Europe

    Unfortunately I did play with XFLR5. Yes the person seems to have a problem...and a poor foil choice.But he is right about sweep decreasing the lift. Unless a great speed.
     
  19. Jul 22, 2019 #79

    Red Jensen

    Red Jensen

    Red Jensen

    Well-Known Member

    Joined:
    Jan 2, 2018
    Messages:
    65
    Likes Received:
    35
    Location:
    Palmdale, CA
    No....no it doesn't.
     
  20. Jul 22, 2019 #80

    Aerowerx

    Aerowerx

    Aerowerx

    Well-Known Member

    Joined:
    Dec 1, 2011
    Messages:
    4,803
    Likes Received:
    1,283
    Location:
    Marion, Ohio
    Your original statement with the video implied that the sweep caused the elliptical span load. Sweep does not decrease the lift. He did not say that. He said, and showed, that the spanwise lift curve was shifted outwards towards the tips with a null in the center.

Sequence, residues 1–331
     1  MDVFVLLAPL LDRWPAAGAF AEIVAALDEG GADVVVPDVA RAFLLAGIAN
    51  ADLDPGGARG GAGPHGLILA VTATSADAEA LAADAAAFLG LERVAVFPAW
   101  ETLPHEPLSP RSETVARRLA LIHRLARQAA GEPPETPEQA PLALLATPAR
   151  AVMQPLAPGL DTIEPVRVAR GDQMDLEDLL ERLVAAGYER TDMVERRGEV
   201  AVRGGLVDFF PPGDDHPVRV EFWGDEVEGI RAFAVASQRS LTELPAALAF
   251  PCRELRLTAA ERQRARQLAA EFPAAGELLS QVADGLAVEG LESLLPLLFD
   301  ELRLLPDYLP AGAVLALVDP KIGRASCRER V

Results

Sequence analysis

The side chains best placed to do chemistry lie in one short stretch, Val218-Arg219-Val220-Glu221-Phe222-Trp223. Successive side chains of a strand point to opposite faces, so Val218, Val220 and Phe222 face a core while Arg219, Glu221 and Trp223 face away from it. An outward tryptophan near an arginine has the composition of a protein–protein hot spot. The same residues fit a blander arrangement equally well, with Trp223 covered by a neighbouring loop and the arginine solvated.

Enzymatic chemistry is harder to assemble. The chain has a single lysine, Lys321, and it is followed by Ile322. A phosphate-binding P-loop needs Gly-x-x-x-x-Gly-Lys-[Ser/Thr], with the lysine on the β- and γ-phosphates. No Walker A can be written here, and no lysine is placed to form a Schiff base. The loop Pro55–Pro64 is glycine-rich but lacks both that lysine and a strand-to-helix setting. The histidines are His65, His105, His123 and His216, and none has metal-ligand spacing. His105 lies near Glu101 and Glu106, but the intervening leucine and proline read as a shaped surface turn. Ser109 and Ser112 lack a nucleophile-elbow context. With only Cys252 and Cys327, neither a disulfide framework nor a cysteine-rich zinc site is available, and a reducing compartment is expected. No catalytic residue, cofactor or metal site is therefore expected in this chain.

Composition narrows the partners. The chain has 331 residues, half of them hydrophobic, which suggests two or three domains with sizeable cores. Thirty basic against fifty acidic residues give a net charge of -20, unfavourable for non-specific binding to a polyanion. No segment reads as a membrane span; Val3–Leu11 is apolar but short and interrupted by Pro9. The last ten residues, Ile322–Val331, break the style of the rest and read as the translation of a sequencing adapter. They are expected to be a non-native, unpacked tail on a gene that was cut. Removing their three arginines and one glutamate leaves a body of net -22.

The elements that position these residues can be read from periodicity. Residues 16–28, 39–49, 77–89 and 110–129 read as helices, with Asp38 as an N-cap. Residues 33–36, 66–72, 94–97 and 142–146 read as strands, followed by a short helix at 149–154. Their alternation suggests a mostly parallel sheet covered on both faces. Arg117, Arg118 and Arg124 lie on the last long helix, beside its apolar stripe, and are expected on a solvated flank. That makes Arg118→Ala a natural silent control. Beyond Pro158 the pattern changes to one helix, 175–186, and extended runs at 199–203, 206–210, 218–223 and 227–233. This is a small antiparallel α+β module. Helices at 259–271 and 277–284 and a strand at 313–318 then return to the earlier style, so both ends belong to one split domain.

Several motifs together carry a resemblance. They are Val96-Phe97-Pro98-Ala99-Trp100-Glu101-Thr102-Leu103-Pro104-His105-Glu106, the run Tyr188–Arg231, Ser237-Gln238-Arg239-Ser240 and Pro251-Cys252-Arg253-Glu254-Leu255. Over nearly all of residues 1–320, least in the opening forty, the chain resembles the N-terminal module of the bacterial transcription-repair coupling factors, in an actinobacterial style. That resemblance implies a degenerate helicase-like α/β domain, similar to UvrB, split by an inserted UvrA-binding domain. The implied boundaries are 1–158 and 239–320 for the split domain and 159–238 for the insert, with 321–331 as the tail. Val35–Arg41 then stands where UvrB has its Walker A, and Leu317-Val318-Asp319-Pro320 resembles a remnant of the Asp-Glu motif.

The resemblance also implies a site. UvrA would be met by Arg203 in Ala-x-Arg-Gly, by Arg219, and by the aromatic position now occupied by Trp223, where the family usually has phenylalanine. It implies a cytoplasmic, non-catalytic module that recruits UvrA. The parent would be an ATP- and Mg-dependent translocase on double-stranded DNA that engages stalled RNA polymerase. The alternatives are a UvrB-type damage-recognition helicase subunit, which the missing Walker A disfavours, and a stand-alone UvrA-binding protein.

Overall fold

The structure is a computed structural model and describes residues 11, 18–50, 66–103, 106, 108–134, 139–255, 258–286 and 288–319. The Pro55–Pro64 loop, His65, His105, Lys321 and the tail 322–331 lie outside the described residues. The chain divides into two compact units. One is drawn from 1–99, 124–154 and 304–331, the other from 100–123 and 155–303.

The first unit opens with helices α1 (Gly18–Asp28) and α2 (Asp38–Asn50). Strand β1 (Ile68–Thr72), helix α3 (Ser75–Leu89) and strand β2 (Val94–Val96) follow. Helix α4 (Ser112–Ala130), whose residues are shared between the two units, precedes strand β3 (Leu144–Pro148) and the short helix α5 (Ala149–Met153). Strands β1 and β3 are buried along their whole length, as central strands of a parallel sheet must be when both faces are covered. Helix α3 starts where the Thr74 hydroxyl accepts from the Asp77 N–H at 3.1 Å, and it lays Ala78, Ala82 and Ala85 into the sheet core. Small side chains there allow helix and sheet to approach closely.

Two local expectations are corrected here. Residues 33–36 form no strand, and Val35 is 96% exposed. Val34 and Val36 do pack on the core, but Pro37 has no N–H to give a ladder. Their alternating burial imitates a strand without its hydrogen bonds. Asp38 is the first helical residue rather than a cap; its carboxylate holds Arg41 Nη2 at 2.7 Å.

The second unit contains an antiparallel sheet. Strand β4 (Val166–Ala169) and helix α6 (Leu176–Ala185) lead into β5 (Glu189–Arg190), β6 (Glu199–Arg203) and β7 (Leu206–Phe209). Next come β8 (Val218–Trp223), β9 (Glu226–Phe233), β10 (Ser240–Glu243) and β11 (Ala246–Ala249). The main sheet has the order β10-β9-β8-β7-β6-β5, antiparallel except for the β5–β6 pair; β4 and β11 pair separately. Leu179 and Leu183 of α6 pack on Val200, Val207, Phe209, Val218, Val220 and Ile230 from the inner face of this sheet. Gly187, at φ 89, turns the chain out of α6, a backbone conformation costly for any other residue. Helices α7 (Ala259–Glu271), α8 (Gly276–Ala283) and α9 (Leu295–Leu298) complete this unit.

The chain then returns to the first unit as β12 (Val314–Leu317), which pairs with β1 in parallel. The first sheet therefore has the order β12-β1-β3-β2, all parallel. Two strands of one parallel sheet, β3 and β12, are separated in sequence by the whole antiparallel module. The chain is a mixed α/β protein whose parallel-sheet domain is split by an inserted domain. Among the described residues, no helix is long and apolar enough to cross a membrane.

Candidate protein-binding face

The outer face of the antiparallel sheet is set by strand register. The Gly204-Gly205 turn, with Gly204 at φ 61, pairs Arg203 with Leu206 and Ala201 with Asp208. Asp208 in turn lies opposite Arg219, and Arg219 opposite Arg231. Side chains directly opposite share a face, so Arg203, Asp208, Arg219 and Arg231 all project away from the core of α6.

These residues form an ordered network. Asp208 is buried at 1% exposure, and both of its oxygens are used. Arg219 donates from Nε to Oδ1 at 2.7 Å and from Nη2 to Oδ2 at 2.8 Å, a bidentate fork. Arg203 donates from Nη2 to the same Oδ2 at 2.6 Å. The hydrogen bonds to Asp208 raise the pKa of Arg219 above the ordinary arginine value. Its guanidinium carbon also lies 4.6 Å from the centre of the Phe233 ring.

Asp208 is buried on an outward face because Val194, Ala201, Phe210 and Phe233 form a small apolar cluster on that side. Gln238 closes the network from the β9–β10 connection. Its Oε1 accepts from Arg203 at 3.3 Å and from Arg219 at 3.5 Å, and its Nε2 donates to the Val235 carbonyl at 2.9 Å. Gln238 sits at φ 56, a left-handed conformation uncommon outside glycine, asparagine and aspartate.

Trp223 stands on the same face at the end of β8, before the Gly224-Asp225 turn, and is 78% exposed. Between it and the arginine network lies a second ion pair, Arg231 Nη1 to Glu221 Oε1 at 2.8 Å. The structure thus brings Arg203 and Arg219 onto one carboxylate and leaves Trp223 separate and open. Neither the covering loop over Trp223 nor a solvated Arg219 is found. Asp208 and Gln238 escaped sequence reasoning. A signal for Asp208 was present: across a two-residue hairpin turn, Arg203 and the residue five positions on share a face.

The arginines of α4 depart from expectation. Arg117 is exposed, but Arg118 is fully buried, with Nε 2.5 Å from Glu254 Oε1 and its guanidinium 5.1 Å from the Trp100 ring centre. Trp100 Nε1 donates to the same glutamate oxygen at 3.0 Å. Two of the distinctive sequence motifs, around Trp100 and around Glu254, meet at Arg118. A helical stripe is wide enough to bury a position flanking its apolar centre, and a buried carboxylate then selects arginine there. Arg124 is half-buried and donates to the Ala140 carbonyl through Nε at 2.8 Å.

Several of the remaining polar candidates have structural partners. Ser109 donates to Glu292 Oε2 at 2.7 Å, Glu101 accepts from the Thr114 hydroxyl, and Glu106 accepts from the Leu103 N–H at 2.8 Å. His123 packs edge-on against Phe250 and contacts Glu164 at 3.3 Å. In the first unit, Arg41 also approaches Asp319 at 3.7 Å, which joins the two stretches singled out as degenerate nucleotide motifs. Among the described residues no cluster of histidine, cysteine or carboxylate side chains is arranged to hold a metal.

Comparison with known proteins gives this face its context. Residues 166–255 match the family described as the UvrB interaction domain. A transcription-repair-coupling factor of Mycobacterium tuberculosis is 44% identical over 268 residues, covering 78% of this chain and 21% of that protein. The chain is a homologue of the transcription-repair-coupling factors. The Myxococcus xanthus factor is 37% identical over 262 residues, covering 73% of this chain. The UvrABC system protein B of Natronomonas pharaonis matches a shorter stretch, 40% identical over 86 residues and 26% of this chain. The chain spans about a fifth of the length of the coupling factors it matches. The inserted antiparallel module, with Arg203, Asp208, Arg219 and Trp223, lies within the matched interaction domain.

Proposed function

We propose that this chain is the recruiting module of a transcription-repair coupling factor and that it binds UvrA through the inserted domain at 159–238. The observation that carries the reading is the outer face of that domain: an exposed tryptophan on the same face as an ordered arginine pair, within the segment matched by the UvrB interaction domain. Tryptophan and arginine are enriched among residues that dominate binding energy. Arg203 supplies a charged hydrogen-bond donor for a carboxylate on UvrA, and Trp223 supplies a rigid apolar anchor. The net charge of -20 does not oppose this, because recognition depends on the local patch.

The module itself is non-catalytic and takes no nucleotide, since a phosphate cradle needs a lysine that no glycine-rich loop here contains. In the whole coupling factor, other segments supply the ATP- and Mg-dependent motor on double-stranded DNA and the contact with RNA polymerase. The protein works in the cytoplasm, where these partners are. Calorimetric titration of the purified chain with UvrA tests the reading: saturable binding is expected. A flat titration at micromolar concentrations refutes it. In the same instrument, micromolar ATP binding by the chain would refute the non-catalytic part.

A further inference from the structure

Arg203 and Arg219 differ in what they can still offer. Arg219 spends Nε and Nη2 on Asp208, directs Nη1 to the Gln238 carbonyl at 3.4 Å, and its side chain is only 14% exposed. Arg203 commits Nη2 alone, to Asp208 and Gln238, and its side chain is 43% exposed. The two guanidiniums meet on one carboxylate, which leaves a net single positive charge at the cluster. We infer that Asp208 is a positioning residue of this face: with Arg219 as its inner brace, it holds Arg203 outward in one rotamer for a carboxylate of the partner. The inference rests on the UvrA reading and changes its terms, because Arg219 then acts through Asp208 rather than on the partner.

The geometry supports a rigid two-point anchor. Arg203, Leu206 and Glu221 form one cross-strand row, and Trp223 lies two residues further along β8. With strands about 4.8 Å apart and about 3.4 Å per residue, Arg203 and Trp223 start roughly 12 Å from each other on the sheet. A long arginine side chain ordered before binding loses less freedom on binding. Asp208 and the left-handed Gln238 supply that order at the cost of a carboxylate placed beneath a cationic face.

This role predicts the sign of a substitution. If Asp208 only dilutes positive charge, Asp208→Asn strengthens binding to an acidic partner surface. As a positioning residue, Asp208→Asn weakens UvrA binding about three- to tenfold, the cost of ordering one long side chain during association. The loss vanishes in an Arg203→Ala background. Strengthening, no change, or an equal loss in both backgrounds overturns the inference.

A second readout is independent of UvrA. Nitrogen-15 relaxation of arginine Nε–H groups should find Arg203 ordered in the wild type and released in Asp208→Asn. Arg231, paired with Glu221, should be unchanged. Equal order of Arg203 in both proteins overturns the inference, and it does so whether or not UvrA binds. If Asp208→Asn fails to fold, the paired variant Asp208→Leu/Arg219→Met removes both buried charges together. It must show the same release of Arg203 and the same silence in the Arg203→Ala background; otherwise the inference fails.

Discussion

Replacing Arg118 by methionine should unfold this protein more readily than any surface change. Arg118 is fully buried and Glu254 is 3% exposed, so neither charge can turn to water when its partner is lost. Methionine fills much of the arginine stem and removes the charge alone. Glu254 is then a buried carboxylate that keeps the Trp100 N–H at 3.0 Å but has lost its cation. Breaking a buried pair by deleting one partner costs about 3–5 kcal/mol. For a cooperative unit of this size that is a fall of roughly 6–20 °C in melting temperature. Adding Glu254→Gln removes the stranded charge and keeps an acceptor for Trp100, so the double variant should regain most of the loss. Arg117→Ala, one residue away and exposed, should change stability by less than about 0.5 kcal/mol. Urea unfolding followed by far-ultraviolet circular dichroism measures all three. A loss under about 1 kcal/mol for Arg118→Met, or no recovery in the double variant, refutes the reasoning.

And then he ignored the benefits of twist. With twist you can unload the tips and shift the lift back towards the center.

    His whole premise, however is based on the idea that elliptical is the most efficient, which is not necessarily so.

    Then there is my statement about the Scimitar shape wing, which was my reason for mentioning XFLR5. I tried that shape, and the lateral stability was HORRIBLE! With software like XFLR5 you can quickly separate the "gee that's neat!" and "well maybe" from the "yuch, that won't work".
     

Share This Page

arrow_white